Circadian rhythms or Body clock…there is more to it than just SLEEP

The clock was first identified in Fruit flies. No doubt why Nobel prize winner Michael Rosbash said “I am very pleased for the fruit fly”.

As humans, we prefer to sleep at night and feel fresh during the day. But this is not due to habit we inculcate or based on any  work schedules or convenience. It is driven by our own body clock. Circadian rhythm is just not about sleep, it regulates many physiological functions including Blood pressure, Body temperature, Hormone secretion, Sleep-wake cycle, Heart beat, Metabolism, Cell cycle, Response to drugs and many more.

Where is the clock?

The clock was first identified in Fruit flies. No doubt why Nobel prize winner Michael Rosbash said  “I am very pleased for the fruit fly”.

Biological clocks are not made of cogs and wheels, but the area of the brain known as the suprachiasmatic nucleus is body’s master clock

A group of nerve cells in the brain called the suprachiasmatic nucleus, or SCN,  situated right above the point in the brain where the optic nerve fibers cross, controls circadian rhythm. The SCN controls the body’s temperature, and small fluctuations in temperature throughout the day trigger various cells in different organ systems in the body to be sleepy or active. This is how the SCN controls the release of melatonin, the hormone that makes one sleepy. Genes are also involved in regulating body’s clock and circadian rhythms.

What Melatonin does

Durinh night more melatonin gets secreted. This hormone signals the brain to go into sleep mode. When the sun rises, melatonin secretion hits low, and the brain’s awake circuits restarts.

Is light important for Body clock?

Every day between 2 and 4 PM, the majority of the human race enters a lull, complete with sudden sleepiness and a lack of focus Image

Light is the signal based on which body clock functions. When the eye senses light, it sends signals to the SCN. This resets the clock every day. Our body does this to make sure rhythms do not drift out of line with the environment. Although our rhythms cycle happens about once every 24 hours, if we opt for total blindness, humans actually tick a little more slowly ie, about 24.1 hours. Thus, if we didn’t have daylight we would get out of synchrony with night and day.  Precisely the reason because of which people in captive lose on day and night.

Things you did not know about Circadian rhythm

Do you feel sleepy post lunch. Blame it on circadian rhythm. Every day between 2 and 4 PM, the majority of the human race feels sudden sleepiness and a lack of focus. That’s because circadian rhythm goes down about 8 hours after wake up time. Some experts suggest taking a short power nap to get over this lull.

Teenager son or daughter suddenly behave like owls. Do not scream at them. Blame it again on circadian rhythm. As a teenage body goes through puberty, its circadian rhythm essentially shifts three hours backward. Studies of teenagers around the globe have found that adolescent brains do not start releasing melatonin until around eleven o’clock at night and keep pumping out the hormone well past sunrise.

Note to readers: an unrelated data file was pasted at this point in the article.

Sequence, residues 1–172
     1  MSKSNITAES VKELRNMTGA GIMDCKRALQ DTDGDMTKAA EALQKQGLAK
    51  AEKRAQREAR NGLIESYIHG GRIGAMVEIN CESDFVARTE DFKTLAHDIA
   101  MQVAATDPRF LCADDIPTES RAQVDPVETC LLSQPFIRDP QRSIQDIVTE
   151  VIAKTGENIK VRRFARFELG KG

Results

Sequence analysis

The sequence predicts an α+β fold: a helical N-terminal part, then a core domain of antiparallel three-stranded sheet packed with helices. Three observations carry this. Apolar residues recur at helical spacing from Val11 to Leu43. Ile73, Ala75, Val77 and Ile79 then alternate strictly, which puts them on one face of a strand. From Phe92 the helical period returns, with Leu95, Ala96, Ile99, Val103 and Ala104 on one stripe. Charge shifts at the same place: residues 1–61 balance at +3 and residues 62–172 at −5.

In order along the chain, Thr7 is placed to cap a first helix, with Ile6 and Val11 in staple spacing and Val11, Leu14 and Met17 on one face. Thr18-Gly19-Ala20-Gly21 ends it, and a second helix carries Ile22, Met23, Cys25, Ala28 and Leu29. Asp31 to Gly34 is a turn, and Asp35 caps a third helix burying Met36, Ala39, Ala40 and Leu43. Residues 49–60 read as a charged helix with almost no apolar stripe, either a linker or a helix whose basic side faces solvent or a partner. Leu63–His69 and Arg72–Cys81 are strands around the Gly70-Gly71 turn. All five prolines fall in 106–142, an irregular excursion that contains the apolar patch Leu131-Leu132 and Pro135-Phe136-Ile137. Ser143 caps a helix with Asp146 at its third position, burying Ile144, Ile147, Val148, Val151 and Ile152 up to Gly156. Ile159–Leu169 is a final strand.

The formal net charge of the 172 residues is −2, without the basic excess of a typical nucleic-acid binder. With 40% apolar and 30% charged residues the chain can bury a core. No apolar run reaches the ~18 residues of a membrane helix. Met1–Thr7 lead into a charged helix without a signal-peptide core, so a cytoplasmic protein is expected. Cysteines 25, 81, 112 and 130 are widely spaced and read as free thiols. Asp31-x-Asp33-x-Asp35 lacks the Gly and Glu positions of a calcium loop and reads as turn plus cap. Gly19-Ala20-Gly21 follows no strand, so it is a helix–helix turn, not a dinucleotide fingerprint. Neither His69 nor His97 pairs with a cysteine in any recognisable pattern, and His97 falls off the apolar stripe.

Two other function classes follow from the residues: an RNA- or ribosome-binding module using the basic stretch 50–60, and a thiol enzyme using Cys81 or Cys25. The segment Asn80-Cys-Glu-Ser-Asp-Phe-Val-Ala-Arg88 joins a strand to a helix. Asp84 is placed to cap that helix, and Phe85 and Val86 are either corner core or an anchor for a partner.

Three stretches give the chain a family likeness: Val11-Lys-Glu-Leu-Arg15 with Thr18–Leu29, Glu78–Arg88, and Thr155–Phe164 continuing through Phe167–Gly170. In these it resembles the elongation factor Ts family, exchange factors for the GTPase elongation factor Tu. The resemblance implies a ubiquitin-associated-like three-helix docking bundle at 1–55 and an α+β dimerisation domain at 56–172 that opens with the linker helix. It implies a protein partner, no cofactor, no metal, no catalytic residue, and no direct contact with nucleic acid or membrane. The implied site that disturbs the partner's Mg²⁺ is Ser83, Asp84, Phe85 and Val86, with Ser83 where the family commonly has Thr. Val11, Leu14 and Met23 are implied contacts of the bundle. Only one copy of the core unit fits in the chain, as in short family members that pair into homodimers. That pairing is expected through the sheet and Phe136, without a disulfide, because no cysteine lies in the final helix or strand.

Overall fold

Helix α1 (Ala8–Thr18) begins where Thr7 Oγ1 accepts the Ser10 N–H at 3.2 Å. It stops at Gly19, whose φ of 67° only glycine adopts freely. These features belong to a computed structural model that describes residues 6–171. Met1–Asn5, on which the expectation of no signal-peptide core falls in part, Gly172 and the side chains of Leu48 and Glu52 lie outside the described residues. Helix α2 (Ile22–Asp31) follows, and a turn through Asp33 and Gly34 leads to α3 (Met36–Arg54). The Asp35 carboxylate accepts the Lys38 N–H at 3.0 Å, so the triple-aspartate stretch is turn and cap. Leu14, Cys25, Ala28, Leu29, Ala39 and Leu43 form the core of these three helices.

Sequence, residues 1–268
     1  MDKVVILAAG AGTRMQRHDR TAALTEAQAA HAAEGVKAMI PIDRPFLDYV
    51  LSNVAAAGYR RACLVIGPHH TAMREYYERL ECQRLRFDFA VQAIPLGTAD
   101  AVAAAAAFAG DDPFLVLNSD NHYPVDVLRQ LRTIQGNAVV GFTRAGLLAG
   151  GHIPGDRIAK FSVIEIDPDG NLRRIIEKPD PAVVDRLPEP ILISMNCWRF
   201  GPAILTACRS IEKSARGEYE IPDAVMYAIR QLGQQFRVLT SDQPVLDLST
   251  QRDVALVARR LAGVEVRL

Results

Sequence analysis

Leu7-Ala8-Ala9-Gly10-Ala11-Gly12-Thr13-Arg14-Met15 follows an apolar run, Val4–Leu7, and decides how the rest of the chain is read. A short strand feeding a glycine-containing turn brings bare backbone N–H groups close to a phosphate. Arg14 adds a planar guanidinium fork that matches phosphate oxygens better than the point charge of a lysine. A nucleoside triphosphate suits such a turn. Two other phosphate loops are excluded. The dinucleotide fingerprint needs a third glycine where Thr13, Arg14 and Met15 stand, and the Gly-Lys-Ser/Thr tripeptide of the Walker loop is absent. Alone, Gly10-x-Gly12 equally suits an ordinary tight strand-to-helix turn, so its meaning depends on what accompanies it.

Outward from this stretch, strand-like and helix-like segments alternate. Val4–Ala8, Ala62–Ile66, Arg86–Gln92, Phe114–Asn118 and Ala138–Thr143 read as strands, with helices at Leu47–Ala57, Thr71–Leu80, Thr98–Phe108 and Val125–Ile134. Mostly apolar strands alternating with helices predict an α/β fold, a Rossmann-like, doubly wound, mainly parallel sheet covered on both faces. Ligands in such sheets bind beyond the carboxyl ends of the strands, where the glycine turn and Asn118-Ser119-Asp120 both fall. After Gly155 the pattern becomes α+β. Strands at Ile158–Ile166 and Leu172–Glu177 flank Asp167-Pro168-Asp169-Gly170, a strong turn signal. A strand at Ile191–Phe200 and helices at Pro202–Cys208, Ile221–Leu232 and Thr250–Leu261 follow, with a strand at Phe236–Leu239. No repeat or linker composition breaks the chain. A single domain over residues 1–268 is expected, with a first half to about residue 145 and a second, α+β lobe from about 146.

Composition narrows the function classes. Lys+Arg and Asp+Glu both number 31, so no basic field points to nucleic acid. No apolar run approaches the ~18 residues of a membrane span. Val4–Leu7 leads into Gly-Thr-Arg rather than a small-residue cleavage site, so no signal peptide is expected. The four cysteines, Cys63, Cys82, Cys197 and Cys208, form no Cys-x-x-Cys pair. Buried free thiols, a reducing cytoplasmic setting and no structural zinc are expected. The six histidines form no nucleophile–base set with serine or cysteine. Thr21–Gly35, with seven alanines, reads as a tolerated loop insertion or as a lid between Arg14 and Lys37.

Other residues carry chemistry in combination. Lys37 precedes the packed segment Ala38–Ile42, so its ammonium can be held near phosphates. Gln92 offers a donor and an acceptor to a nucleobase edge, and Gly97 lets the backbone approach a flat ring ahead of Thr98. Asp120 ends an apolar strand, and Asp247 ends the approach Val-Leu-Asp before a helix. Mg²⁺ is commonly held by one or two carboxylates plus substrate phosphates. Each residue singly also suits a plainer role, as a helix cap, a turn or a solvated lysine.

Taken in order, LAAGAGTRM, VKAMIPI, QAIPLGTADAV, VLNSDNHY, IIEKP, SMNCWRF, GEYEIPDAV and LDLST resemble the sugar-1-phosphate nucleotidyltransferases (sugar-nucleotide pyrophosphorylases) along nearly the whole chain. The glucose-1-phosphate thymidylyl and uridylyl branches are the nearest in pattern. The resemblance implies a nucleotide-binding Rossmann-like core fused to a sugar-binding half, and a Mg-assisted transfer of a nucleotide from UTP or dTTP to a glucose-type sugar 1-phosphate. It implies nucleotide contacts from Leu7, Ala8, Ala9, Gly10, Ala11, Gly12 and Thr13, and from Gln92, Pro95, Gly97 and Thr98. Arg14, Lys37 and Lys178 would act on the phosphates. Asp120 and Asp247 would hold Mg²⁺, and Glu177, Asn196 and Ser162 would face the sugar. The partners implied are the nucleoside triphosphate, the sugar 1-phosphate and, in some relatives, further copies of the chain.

It’s Circadian Rhythm that make you gain weight if you Snack at Midnight

It’s Circadian Rhythm  that make you gain weight if you Snack at Midnight.

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Did you know that blue light from ‘Digital Screens’ negatively affects health

We all take special care to protect our eyes from the sun’s harmful UV rays; but what about the harmful effects of blue light rays?
Usage of blue light emitting gadgets before bedtime prolongs the time it takes to fall asleep, delays the circadian clock, suppresses levels of the “darkness hormone” melatonin.

Sources of blue light include the sun, digital screens (TVs, computers, laptops, smart phones and tablets), electronic devices, and fluorescent and LED lighting.

As the day progresses, we actually move closer to the back lit devices

 

Impact on Sleep:

Digital Screens emit blue light which are so bright that at night, brain gets confused by that light.  Blue wavelengths—which are beneficial during daylight hours because they boost attention, reaction times, and mood—seem to be the most disruptive at night. This causes the brain to stop producing melatonin, a hormone that gives body the “time to sleep” commands. Because of this, digital screen light can disrupt sleep cycle, making it harder to fall and stay asleep.

Changes in sleep patterns can in turn shift the body’s natural clock, known as its circadian rhythm. Studies have shown that shifts in this clock can have devastating health effects because it controls not only our wakefulness but also individual clocks that dictate function in the body’s organs. Research also shows that it may contribute to the causation of cancer, diabetes, heart disease, and even obesity. 

Eyes and Blue Light:

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